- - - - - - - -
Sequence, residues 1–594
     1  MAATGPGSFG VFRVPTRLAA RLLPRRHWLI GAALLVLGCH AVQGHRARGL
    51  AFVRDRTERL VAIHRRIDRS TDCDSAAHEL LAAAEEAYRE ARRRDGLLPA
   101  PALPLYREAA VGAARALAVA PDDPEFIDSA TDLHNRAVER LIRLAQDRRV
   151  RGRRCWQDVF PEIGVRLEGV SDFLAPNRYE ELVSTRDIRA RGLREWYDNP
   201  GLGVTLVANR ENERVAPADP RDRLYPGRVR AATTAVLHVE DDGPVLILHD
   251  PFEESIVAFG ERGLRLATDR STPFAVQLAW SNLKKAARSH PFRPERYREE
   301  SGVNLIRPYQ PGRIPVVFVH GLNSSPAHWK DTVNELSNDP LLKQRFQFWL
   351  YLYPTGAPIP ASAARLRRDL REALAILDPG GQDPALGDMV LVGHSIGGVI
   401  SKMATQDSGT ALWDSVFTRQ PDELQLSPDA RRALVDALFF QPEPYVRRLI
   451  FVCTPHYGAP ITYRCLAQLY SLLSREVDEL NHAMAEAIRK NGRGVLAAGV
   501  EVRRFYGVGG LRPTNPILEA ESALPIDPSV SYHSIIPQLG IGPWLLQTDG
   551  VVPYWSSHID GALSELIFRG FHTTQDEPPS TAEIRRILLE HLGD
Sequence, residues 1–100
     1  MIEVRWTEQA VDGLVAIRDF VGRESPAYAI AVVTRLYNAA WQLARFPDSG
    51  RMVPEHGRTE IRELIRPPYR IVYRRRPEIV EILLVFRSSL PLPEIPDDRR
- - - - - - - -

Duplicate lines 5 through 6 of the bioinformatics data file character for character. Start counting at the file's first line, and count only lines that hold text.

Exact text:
   151  RGRRCWQDVF PEIGVRLEGV SDFLAPNRYE ELVSTRDIRA RGLREWYDNP
   201  GLGVTLVANR ENERVAPADP RDRLYPGRVR AATTAVLHVE DDGPVLILHD